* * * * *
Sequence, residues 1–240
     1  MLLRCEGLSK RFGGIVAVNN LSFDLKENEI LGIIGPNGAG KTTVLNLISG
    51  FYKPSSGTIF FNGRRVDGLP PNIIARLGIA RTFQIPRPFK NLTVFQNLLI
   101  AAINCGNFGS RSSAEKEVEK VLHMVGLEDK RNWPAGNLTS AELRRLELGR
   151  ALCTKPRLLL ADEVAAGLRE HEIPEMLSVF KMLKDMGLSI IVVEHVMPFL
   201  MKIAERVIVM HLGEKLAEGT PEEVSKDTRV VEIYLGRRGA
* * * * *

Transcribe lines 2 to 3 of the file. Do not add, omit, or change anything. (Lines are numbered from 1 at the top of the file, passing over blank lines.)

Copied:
     1  MLLRCEGLSK RFGGIVAVNN LSFDLKENEI LGIIGPNGAG KTTVLNLISG
    51  FYKPSSGTIF FNGRRVDGLP PNIIARLGIA RTFQIPRPFK NLTVFQNLLI